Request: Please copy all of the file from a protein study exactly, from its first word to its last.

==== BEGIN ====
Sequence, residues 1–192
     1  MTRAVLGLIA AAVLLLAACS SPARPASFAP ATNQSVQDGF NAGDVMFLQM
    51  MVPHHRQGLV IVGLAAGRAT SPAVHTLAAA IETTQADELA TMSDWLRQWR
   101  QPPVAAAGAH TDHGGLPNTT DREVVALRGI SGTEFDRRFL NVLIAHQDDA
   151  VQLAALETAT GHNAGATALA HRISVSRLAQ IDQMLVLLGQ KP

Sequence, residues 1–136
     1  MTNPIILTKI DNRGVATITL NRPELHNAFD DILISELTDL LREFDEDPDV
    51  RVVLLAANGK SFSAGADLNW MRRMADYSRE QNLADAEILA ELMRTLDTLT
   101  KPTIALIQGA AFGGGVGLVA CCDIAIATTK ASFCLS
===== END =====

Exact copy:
Sequence, residues 1–192
     1  MTRAVLGLIA AAVLLLAACS SPARPASFAP ATNQSVQDGF NAGDVMFLQM
    51  MVPHHRQGLV IVGLAAGRAT SPAVHTLAAA IETTQADELA TMSDWLRQWR
   101  QPPVAAAGAH TDHGGLPNTT DREVVALRGI SGTEFDRRFL NVLIAHQDDA
   151  VQLAALETAT GHNAGATALA HRISVSRLAQ IDQMLVLLGQ KP

Sequence, residues 1–136
     1  MTNPIILTKI DNRGVATITL NRPELHNAFD DILISELTDL LREFDEDPDV
    51  RVVLLAANGK SFSAGADLNW MRRMADYSRE QNLADAEILA ELMRTLDTLT
   101  KPTIALIQGA AFGGGVGLVA CCDIAIATTK ASFCLS